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Discussion Starter #1
Hey guys,

Sorry for all the pics, but it makes it a bit easier to explain. I've just replaced my fork oil, and I don't think it has been done since 2000, and I know why. You need a special tool to loosen the forks top part. I didn't want to wait 3 weeks to get one from Kawa, so here goes. Fork oil change quick and dirty :evil:

You will need a Ratchet Strap hanging from the roof, pice of binding wire, 31mm Socket, 13mm Flat Spanner, 17mm Flat Spanner, Vernier Caliper, Shifting, wire coat hanger and then my special fork tool :lol:

Before removing the forks from the bike, loosen the top caps with the 31mm socket. It's a bitch to get it loose when you've removed the forks. Now take out the forks, and loosen the top cap and slide down the outer tube. Using the 17mm spanner, turn the pre-load adjuster all the way out.

Now hang the fork from the ratchet strap in the roof. IT has to be about 5cm from the floor. You will see there's holes in the tube that you've exposed now, but they don't go through, and you cannot put too much pressure on them. With a phillips screwdriver push down on this tube and you'll see it will go down a bit. You need to put your back into it. On the one side of the fork inner there's a small hole. So get past it, and stick a screwdriver in there to give you some room to work with. See Step 1 picture. Now cut up the coathanger, and tie it to the bottom mudguard bracket, and to the end of the tool as in the pic.

Now you've got the leverage to push the inner tube all the way down, and you'll see a nut. Yup, that spring is serious business. Once past the nut stick the 13mm flat spanner in there below the nut to keep the tube there while you loosen the nut and the top cap. See Step 2 pic (I jammed the tool in there to get a better pic). Now take off the top cap and trying to keep the release a bit controlled release the tool. On my first one I thought of just letting it go and running away while the spring kills everything in the garage, but it's not that bad. :banghead:

Now you can take out the thin aluminium push rod in the centre plunger, and remove the inner tube, washer and spring. Now you can dump the old smelly oil. Use the top cap to push and pull the plunger to get all the gunk out. After draining, I usually flush it with about 100mm of fork oil just to get the last of the gunk and then drain it again.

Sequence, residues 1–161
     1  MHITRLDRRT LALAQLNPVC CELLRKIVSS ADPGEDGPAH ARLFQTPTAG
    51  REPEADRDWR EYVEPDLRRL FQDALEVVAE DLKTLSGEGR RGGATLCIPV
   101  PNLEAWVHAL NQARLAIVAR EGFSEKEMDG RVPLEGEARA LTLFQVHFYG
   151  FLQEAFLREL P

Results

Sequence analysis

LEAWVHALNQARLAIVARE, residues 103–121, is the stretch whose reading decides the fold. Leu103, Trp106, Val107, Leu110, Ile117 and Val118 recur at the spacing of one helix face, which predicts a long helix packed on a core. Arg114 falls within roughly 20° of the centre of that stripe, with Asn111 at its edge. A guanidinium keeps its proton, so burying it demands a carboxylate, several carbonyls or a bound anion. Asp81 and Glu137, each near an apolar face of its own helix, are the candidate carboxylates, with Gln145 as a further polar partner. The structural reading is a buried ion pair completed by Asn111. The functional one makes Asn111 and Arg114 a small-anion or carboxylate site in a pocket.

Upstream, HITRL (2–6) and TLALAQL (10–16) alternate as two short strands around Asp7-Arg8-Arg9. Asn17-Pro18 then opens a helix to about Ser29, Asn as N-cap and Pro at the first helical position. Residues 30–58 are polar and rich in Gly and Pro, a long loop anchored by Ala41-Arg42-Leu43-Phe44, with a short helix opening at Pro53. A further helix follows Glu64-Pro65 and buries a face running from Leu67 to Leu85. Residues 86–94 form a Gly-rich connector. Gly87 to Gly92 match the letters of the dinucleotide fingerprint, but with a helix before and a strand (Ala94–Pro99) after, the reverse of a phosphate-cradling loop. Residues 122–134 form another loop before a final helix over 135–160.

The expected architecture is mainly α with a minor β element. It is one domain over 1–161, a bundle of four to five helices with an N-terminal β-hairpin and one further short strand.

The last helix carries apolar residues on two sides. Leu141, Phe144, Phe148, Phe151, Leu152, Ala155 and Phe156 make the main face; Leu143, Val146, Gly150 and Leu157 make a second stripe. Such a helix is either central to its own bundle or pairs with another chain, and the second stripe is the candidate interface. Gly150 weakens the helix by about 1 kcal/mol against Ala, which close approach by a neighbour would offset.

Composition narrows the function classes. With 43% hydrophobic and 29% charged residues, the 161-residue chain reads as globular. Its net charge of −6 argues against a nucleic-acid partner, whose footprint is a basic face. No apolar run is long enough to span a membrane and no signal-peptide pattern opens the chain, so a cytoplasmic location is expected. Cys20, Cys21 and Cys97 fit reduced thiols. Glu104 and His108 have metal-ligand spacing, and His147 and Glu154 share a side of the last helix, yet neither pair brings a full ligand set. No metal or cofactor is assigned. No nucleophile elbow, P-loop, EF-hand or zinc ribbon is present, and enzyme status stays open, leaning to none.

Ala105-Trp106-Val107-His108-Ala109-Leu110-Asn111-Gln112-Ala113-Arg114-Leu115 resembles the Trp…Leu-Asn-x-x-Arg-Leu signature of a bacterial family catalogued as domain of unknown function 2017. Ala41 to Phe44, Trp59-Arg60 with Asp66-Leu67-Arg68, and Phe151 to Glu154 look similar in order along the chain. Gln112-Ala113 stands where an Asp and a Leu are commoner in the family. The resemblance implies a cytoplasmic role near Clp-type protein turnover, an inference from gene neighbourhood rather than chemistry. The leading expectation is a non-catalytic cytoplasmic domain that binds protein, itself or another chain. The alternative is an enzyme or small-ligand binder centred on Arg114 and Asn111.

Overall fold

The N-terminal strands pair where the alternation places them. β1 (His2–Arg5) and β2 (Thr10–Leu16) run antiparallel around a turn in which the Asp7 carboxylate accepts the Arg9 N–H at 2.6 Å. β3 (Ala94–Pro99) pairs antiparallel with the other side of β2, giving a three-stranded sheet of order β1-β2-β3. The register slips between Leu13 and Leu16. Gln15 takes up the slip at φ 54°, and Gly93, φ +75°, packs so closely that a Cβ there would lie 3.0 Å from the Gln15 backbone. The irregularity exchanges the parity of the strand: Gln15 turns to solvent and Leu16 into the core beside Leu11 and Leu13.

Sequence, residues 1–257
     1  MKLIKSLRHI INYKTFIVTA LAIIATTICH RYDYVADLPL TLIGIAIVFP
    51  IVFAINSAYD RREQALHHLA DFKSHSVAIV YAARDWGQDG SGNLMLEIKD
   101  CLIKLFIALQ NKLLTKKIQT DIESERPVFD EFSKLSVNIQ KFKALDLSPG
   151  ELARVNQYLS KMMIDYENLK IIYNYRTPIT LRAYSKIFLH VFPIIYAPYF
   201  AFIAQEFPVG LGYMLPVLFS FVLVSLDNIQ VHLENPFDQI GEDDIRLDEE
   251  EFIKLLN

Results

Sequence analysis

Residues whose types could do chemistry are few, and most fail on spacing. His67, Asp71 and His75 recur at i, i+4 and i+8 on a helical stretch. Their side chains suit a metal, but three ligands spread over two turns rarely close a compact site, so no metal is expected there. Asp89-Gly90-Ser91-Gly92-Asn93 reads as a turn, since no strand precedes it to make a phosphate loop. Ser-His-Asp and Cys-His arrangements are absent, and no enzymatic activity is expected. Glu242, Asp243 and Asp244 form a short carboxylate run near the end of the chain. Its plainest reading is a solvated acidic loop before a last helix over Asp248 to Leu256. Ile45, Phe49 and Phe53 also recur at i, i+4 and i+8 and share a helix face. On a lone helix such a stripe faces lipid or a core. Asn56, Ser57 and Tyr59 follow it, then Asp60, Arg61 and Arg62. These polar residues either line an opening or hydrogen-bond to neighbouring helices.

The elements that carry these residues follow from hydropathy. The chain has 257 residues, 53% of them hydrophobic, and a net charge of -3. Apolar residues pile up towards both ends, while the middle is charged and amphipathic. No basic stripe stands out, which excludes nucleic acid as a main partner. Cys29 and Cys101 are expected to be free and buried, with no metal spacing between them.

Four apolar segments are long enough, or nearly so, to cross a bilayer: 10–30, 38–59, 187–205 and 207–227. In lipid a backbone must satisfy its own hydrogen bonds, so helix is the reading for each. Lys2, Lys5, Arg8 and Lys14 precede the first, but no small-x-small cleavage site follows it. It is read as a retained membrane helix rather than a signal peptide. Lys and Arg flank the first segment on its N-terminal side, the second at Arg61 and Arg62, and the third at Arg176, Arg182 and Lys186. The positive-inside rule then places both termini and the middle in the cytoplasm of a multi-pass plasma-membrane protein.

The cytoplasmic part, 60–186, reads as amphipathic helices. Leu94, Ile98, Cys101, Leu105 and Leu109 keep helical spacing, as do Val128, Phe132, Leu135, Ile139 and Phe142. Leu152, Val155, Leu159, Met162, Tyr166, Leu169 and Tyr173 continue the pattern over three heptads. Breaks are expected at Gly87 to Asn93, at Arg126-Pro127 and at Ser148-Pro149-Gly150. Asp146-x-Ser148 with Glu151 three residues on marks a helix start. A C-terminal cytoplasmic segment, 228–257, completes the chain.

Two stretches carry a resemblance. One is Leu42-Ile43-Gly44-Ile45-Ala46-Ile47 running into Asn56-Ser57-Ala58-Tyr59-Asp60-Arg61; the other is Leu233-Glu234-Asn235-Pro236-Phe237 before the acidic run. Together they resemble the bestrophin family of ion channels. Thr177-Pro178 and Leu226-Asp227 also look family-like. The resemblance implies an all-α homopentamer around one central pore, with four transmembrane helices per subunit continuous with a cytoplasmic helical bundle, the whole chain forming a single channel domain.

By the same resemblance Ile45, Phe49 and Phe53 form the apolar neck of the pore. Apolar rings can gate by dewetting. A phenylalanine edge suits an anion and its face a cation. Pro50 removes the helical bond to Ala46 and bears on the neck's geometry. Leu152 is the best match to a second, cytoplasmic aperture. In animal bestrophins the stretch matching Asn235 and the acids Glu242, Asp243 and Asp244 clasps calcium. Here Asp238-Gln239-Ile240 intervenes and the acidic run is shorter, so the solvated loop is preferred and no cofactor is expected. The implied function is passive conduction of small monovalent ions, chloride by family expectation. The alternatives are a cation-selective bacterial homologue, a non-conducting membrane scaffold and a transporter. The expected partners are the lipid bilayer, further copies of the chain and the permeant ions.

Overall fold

Fill up the fork to 101mm from the top with the fork compressed, spring out and without the aluminium rod. Slowly pump the plunger again just to get all the air out everywhere. In the manual they say no less than 10 times. SO count them. This is important :nana:

Now put back the spring and washer. Slowly push them in otherwise you'll be wiping oil off the ceiling. Replace the thin push rod. Pull up on the plunger and tie some bining wire to it below the nut, and fasten it to the ratchet strap. DO a good job 'cause you'll be putting a lot of strain on this wire.
See Step 3 and Step 4.

Now hoist the fork up again by the wire, and then using the tool again, push down on the inner tube to get it past the nut again. Stop it again with the 13mm spanner. Now I can't find any specs anywhere of where the nut must sit when tightening as you'll re-adjust everything anyway after installation, so I bottom the nut, and then put back the fork top plug. You need to tighten it pretty well. They say 27nm in the manual. Again, just release the tool, and make sure that little plate that stops the tube is centred. Now screw the outter tube onto the top plug :mfclap:

Now install them back on the bike making sure the top of the outter tube is flush with the handlebar tripple clamp. Fasten it, and then tighten the top fork caps. Now reset all the fork settings to factory. This is where you will need the vernier caliper. This is very precise work. Turn the pre-load adjuster in so that it sticks out 14mm. The whole thing. Not just the rings. Now turn the small screw in the middle all the way in, and then turn it 7 clicks out. The bottom adjustment screw should not have been affected, but for good luck turn it all the way in, and then 7 clicks out as well.

Voila. Put the bike back together, and rock it while holding the front brake. Awesome difference hey.

Now for the tool, I've attached the plan and a pic of what it looks like. I've used some 5mm Flatbar I had lying around to make it, so use what you've got. The most imortant thing is the gap in each bar, and then the gap between each bar. Make sure it's nice and round. I had a socket with the correct diameter to check it with. If it's got spots sticking out, it will burr the inner rod. It's not a train smash, but I don't like my stuff scratched.

Go forth and drain some forks :crazyloco:
 

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I have another method that is easier.

Undo top cap

Pour out the oil

Pump the fork several times.

Leave the fork upside down overnight to drain.

Fill with the specified amount of oil.

Finished.


Why would you want to completely disassemble the fork to change the oil ?
 

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Discussion Starter #4
Why would you want to completely disassemble the fork to change the oil ?
I like to make sure the oil level is exactly the same on each fork. I've had it before where the two forks had different levels and it really affects the handling a lot.
 
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